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Outreach Campaign Encourages People to Overcome Hospital Fears

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A new study says since the start of the pandemic, 911 calls for emergency medical services in the United States have dropped by 26% compared with the past two years. (Adobe Stock)
A new study says since the start of the pandemic, 911 calls for emergency medical services in the United States have dropped by 26% compared with the past two years. (Adobe Stock)
 By Mike Moen - Producer, Contact
August 5, 2020

RICHMOND, Va. -- New coronavirus cases are climbing in states such as Virginia, but concerns persist that people dealing with other health emergencies may be avoiding the hospital out of infection fears. A new awareness campaign aims to ease those concerns, especially for people of color.

An online survey for the American Heart Association found that 55% of Hispanics and 45% of Blacks said they'd be scared to go to a hospital with heart attack or stroke symptoms because of COVID-19 fears.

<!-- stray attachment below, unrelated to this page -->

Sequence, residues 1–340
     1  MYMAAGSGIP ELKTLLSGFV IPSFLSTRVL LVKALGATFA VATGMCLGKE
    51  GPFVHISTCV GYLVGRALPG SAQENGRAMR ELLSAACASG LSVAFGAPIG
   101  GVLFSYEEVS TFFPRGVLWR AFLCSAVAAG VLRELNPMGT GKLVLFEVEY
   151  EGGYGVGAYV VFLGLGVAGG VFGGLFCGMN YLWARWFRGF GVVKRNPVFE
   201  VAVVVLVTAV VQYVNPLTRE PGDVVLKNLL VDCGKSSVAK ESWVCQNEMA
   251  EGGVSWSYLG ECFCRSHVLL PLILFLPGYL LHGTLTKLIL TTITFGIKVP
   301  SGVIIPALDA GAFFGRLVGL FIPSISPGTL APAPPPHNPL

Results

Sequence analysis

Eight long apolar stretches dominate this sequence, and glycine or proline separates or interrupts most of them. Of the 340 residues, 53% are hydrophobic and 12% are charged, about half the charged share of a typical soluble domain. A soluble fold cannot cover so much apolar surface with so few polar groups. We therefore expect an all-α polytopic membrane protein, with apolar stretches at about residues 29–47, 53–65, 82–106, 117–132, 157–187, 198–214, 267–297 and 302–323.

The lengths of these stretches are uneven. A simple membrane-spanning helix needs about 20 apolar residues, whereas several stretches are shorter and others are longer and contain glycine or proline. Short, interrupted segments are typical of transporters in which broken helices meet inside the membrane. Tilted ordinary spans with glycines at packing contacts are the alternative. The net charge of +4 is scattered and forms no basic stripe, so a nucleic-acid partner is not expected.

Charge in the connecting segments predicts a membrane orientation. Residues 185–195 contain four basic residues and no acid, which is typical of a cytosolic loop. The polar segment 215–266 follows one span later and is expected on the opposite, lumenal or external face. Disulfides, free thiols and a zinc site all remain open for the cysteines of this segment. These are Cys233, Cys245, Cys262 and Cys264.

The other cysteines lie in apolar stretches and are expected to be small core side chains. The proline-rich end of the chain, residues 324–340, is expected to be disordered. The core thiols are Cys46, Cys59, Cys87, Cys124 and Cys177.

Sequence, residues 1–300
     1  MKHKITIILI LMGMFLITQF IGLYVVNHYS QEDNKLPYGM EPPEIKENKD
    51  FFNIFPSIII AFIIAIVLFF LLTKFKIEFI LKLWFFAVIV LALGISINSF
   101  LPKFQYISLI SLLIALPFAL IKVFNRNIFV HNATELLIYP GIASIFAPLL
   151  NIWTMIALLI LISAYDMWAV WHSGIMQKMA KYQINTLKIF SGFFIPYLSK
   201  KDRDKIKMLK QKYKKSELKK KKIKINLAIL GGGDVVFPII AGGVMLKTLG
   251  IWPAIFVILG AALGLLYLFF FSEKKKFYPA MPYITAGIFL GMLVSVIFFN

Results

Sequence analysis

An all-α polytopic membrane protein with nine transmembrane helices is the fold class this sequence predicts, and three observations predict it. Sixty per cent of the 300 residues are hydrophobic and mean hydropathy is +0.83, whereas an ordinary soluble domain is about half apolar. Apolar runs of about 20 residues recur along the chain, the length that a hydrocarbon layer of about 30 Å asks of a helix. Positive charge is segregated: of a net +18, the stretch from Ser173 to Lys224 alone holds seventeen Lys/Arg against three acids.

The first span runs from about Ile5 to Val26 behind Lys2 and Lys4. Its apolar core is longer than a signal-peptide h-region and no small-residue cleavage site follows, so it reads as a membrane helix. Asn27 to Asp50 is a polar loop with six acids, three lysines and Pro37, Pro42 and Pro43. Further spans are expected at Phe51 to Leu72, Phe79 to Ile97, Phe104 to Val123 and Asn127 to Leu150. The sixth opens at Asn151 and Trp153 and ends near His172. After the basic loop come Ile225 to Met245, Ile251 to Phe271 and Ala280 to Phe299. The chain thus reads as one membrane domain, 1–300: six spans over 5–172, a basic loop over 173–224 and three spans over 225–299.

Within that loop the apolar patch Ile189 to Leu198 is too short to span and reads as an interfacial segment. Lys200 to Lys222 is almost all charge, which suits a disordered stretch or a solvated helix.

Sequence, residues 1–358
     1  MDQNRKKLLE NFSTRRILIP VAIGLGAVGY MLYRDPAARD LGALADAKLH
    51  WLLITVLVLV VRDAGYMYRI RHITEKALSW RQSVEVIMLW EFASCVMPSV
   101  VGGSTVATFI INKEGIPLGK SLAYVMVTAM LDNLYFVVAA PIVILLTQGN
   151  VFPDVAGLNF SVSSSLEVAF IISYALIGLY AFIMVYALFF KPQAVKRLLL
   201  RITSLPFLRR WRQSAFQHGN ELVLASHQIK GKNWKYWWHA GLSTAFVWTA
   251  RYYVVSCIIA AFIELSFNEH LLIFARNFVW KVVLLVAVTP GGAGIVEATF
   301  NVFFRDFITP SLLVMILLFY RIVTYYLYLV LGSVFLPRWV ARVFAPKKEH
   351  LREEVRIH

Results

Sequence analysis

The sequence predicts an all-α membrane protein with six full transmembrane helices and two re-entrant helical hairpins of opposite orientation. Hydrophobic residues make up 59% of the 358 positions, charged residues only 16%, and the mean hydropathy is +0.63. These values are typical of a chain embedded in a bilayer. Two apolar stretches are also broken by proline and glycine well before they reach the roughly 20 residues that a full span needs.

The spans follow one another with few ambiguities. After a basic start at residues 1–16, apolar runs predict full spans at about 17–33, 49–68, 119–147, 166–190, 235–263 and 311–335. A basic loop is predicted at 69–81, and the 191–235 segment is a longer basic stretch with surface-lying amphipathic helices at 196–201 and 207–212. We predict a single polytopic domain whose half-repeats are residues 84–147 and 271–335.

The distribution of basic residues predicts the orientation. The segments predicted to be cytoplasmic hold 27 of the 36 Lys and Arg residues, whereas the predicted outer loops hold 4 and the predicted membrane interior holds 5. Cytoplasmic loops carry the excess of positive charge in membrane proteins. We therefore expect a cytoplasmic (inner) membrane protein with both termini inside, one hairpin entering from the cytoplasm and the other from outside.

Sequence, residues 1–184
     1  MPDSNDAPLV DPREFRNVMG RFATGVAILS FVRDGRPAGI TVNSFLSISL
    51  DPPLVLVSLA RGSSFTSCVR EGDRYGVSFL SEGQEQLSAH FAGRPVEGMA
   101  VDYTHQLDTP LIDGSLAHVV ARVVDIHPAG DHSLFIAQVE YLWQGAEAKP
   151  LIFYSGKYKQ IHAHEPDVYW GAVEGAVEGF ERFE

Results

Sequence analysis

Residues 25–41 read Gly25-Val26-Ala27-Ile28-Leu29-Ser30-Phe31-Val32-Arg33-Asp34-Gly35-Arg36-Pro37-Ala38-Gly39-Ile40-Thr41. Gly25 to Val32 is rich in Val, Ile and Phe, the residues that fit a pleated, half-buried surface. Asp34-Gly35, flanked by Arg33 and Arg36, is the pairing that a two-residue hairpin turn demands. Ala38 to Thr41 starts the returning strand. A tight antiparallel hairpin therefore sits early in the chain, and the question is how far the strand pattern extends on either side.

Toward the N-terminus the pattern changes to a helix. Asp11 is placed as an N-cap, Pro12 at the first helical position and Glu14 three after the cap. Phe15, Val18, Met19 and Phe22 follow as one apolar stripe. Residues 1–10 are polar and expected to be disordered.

Dr. Federico Asch at MedStar Washington Hospital Center said the results mirror fewer 911 calls in recent months, but these warning signs shouldn't be ignored.

"These are situations that can actually kill people, like heart attack or stroke, at a much higher rate than COVID itself," he said.

Health experts have said COVID-19 cases disproportionately have affected certain ethnic groups, which is likely to be creating these concerns.

The Heart Association is launching a public awareness campaign in English and Spanish. Called "Don't Die of Doubt," it reminds people that a hospital is the safest place to go if they're experiencing symptoms of a heart attack or stroke.

Asch, who also is a regional board president for the Heart Association, said that while it's reasonable to worry about becoming infected with COVID if you go to the hospital, it isn't likely to happen.

"They have everything possible in place to prevent you from getting infected by COVID," he said.

If stroke or heart attack symptoms are ignored, health officials have said, the next round of symptoms could be much more severe.

More details about the "Don't Die of Doubt" campaign are on the American Heart Association's website.

Disclosure: American Heart Association Mid Atlantic Affiliate contributes to our fund for reporting on Health Issues, Hunger/Food/Nutrition, Poverty Issues, Smoking Prevention. If you would like to help support news in the public interest, click here.
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